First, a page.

Sunday, January 30, 2005

Kid Trombone by Julie Smith

"Kid Trombone" by Julie Smith, Murder and All That Jazz Edited by Robert J. Randisi, Signet Books, $6.99, Mass Market Paperback.

Julie Smith is a licensed Louisiana P.I. and an Edgar winner. One of her series sleuths, Talba Wallis, headlines this story.

Queenie Feran, a well-known jazz singer in New Orleans, comes to see Talba Wallis straight from the funeral of Dupree Howell, Queenie's ex-husband. It seems that Queenie and Dupree, while divorced, were still close, close enough that he lived in the other side of the shotgun duplex where Queenie lived. She believes that Dupree was murdered, even though the death, barbiturate and alcohol poisoning, was ruled accidental.

Dupree was a no-account drunkard that had been, and occasionally still was, a good music critic. Just recently he had written the obituary of a man called Kid Trombone, aka Tyrone Falgout. Tyrone was born into a musical family, New Orleans royalty, and was a child prodigy. Unfortunately he had an addictive personality and wound up playing on the streets for tips, when he was sober enough. Rumor on the street said Tyrone had been killed by a hired gun. Dupree was still looking into Tyrone's death when he apparently OD'ed on pills and booze. Queenie thought that whoever killed Tyrone must have killed Dupree.

Talba, a computer whiz, gets on Dupree's computer to look at his notes. Unfortunately the file she's interested in is password protected, and she can't guess the password. So she takes the obituary Dupree published and starts retracing his steps. Talking to street performers like drummer Freddie "Red Man" Martin and mime Terry the Clown she is led to a rapist serving time in the State Penitentiary in Angola. This man, Marshall Bridges, was the scion of a shipping family who had been seeing a young woman who was a member of a fundamentalist church. He couldn't get her to put out, so he bought a Roofie from Tyrone, who was supplementing his income with a little low-level drug dealing, and did it the easy way.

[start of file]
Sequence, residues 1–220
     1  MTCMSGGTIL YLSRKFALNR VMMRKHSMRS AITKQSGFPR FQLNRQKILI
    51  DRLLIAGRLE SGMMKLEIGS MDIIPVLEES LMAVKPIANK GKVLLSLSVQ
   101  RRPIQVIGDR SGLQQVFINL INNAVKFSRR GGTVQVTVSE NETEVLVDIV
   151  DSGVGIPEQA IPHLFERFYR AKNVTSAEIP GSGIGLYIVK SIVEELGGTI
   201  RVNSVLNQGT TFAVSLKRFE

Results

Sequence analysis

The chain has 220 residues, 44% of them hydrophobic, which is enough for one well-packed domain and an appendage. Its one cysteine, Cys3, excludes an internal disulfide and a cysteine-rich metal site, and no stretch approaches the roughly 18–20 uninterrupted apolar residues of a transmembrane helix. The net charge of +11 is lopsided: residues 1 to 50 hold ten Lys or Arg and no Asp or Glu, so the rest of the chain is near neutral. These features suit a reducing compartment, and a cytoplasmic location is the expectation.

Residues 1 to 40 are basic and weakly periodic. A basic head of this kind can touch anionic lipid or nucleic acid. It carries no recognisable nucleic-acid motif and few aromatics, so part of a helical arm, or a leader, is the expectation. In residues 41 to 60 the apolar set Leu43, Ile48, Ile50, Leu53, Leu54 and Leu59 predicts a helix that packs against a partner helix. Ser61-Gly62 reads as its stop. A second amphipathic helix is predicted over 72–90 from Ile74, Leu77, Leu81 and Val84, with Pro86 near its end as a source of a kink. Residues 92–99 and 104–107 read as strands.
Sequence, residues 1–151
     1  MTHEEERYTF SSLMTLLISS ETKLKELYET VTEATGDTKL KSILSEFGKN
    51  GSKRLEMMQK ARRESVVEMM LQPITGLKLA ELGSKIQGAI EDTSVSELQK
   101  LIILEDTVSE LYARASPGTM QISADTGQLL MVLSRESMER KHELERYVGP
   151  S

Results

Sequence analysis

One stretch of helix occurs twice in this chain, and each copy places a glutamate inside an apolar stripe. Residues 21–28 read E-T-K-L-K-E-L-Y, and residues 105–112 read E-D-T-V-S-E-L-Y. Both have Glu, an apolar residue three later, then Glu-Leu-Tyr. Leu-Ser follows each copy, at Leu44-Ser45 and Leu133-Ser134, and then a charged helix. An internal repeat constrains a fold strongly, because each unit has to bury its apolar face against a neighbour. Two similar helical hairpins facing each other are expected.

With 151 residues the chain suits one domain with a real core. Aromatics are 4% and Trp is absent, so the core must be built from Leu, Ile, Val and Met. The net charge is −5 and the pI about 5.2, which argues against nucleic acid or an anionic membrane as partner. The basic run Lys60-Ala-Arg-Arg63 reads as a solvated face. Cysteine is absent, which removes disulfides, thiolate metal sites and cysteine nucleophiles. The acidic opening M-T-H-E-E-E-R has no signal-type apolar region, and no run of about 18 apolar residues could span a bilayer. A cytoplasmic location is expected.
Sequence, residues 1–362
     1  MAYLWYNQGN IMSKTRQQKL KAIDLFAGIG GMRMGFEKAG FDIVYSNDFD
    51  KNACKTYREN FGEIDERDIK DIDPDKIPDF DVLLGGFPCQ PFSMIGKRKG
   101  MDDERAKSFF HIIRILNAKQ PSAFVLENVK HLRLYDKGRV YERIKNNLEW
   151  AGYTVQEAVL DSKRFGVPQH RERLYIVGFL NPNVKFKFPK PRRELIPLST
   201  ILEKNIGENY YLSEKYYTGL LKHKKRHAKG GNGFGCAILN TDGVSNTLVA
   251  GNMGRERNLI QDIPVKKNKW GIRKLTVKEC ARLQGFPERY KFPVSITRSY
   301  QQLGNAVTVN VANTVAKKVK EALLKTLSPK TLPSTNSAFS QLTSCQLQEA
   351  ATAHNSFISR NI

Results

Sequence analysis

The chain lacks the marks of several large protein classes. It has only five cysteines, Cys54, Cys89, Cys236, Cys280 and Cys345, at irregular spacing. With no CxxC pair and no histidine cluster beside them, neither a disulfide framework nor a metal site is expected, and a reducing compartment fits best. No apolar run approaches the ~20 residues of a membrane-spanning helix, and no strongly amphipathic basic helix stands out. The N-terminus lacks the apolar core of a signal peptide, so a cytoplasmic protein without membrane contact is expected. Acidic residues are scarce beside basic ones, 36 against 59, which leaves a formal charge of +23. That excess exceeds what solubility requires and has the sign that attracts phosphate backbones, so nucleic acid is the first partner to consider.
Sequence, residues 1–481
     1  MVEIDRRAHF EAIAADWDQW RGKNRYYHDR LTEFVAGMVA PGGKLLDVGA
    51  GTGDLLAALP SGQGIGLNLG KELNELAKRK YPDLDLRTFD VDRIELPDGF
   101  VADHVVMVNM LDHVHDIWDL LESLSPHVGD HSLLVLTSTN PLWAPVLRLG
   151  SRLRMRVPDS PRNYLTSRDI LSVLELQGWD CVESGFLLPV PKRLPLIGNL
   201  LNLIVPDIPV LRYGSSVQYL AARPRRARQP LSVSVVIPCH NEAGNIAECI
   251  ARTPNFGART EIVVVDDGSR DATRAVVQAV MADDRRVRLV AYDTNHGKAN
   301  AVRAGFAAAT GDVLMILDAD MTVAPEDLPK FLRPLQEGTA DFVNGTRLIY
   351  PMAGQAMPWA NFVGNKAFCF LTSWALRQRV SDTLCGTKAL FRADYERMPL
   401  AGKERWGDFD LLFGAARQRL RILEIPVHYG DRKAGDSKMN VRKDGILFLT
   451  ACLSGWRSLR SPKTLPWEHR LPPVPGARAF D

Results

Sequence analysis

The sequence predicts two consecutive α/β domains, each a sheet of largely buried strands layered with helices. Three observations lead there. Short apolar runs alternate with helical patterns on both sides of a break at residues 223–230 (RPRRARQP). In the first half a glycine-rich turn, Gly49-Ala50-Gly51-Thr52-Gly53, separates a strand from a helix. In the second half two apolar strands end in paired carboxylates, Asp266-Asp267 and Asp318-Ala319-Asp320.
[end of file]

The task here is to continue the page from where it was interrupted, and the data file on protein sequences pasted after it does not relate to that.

The girl's father, a man named Powers, hired a couple of thugs to beat Bridges to within an inch of his life. Bridges told him where he got the drug. Powers then ratted to the police about Bridges, and Bridges ended up in Angola. Bridges is sure Powers had Tyrone killed.

With this information, Talba goes back to Dupree's computer and breaks the password. There is little in the file except for a note that he was going to see Mama Cille Falgout, the matriarch of the Falgout family and it's last remaining member. Talba decides to go see Mama Cille herself, which may or may not be the smart thing to do.

Ms. Smith has written a short story with a plot so tangled that it's something you would expect to see in novel length. She makes it work, though. New Orleans and Southern society is so well drawn that the conclusion is completely believable. I can see why Ms. Smith won the Edgar. Though she's written quite a few short stories, there haven't been many since about 2000. Here's hoping we start seeing more.

In short, well done!